It's easier than you think to take control throughout the day
A good breakfast is an important part of the day. Get off to a great start with some simple breakfast tips.
Try adding a sliced banana to plain porridge or plain wholewheat biscuits (like Weetabix or supermarket own-brand varieties). It's one of your 5 A DAY, too!
When serving up plain cereal, try adding different fruit – like raspberries or blueberries – and low-fat, lower-sugar yoghurt.
Try semi-skimmed, 1% or fully skimmed milk with cereal – but remember, fully skimmed milks are not suitable for children under 5.
Instead of sugary cereal, try wholegrain toast. And if they want jam or low-fat spreads, spread it thinly – it’s just as tasty!
Mix plain porridge oats with fruit and low fat, lower-sugar yoghurt and leave it soften overnight in the fridge. Served up the next day, it’s delicious!
Try lower-fat soft cheese on bagels topped with scrummy sliced banana.
Forget jams and chocolate spreads – mash a banana and spread it on toast instead. Experiment with other soft fruits, like berries.
Sugary drinks have no place in our kids’ daily diets.
Sugary drinks have no place in our kids' daily diets
Plain water, lower-fat milks and no added sugar/low sugar drinks
Pour a healthier drink into a cup or glass and they may not notice it’s different to the more sugary one they’re used to.
Fruit juices and smoothies are sugary but still count as one of your 5 A DAY. Limit to 150mls a day and have it with a meal because it can cause tooth decay.
When shopping, it’s easy to think you’re getting a better deal with the big bottles of pop and juice - but it just means you’re drinking more sugar.
If buying fizzy drinks, why not try the sugar-free or diet options? No one will likely notice the difference!
Instead of sugary, fizzy drinks, try lower-fat milks for a change. Fresh and ice-cold from the fridge, it tastes great, and it’s a great source of calcium too.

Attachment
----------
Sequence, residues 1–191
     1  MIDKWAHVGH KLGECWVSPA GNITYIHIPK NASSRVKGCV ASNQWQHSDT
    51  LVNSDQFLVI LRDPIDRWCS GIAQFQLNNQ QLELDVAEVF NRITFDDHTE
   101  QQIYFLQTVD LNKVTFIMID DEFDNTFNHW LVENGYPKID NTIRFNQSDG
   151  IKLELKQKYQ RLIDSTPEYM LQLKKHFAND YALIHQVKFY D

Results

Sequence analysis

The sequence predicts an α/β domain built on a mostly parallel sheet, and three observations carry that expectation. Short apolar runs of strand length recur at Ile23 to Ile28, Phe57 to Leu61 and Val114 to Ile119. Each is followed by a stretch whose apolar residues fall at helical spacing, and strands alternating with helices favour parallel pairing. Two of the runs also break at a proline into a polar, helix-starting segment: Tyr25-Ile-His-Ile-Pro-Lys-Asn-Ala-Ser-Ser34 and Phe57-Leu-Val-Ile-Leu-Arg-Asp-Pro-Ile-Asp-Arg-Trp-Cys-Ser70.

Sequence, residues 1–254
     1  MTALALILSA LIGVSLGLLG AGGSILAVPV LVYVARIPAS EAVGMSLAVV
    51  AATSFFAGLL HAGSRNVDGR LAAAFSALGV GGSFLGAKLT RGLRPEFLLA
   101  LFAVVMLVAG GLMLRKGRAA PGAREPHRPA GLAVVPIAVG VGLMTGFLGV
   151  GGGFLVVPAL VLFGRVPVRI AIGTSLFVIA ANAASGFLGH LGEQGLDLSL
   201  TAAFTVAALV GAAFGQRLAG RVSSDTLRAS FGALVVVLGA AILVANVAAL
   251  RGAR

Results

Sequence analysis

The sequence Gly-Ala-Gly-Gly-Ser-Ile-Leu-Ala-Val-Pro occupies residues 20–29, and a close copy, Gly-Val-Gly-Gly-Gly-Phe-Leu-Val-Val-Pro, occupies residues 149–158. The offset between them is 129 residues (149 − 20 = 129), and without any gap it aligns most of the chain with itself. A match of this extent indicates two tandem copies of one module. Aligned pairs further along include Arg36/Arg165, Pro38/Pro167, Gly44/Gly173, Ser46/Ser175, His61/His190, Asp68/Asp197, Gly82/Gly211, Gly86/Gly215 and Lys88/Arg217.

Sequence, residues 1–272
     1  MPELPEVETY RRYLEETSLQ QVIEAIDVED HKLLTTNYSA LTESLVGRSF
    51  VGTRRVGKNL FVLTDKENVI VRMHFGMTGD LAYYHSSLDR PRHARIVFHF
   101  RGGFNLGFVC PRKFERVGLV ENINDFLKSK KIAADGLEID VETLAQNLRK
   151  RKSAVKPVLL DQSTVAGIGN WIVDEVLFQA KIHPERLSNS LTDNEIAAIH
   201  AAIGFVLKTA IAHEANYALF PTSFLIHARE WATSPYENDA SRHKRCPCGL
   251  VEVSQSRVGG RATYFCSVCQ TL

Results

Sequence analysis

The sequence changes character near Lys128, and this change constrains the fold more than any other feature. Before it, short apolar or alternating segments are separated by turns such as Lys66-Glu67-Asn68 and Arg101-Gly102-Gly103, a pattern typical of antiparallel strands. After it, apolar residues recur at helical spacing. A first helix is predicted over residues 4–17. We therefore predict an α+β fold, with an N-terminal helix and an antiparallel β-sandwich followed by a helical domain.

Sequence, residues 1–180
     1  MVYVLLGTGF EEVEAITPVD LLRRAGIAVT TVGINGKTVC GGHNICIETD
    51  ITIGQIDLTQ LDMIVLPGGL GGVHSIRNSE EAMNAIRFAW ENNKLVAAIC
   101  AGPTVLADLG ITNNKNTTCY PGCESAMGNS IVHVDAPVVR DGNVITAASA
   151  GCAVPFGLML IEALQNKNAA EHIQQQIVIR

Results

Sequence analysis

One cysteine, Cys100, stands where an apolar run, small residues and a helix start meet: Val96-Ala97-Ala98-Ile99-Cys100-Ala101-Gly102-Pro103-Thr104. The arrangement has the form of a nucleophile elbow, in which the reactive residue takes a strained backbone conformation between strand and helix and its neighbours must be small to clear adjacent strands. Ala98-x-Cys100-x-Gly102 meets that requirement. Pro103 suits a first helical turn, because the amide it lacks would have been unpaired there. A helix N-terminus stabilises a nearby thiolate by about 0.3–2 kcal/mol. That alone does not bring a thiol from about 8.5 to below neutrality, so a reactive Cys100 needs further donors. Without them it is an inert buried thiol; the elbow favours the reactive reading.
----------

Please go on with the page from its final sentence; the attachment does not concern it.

Instead of a fizzy drink, try sparkling water poured over ice, served with a wedge of lime or lemon. Add a couple of straws and it should go down refreshingly well!
For a weekend treat, blend a banana with some ice cubes and cold semi-skimmed milk and sprinkle with cinnamon – scrummy!
Kids are often hungry after school, so put together some healthier snacks to take with you. Then, if sweets and cakes tempt them, you've got a healthier alternative to offer!
Fruit, cut-up veg, plain rice cakes, toast or bagel
If you find your child is offered sweet snacks by friends, try to limit how much they eat by keeping them small. Cut chocolate into squares and break cakes and biscuits in half.
Ask your kids to help prepare healthier snacks – they are more likely to eat it, if they’ve helped prepared it!
Before you pick up the kids from school, put together some healthier snacks to take with you. Then if sweets and cakes tempt them, you’ve got a handy alternative to offer!
Toast with low-fat spreads or reduced fat hummus will help keep them going until dinner time.
Some families find it helpful to only have sweet snacks once a week.
Try the simplest tip in the book – don’t have sugary snacks in the house! Skip that aisle in the supermarket and avoid the checkouts with loads of treats on display.
I left carrots and cucumber sticks on the table so they were there when they came in and they went straight for them instead of into the cupboard. I was actually quite shocked.
Cutting down on sugar doesn’t mean no more puds! Try these tips for healthier desserts.
Chilled dessert, yoghurt, ice cream, sugary jelly, puddings
Lower-fat, lower-sugar yoghurts, fruit, tinned fruit or sugar-free jelly, tinned fruit (in juice, not syrup)
Don’t forget about ‘me sized’ puds because we don’t all need to eat the same amount of food – and children need less than adults.
If you're having ice cream at home, try serving up half what you would normally give your family and add more fruit instead.
Apple and blackberry crumble is easy to make without much sugar. Serve with a dollop of low-fat, lower-sugar yoghurt sprinkled with cinnamon.
Want a weekend treat? Try fruit…tinned fruit in its own juice is delicious; a handful of dried cranberries or raisins are a tasty choice after a meal.
If eating out for a treat and you fancy topping it off with a pudding – why not share? Restaurants are very happy to bring one pudding and two or more spoons.
If you fancy ice cream, choose low-fat, lower-sugar yoghurt instead. There are some very tasty fruit options in the supermarket.
I make banana ice lollies by peeling a banana and pushing in a lolly stick and freezing them. They taste great and are a great healthy alternative to normal ice lollies and count towards your 5 A DAY.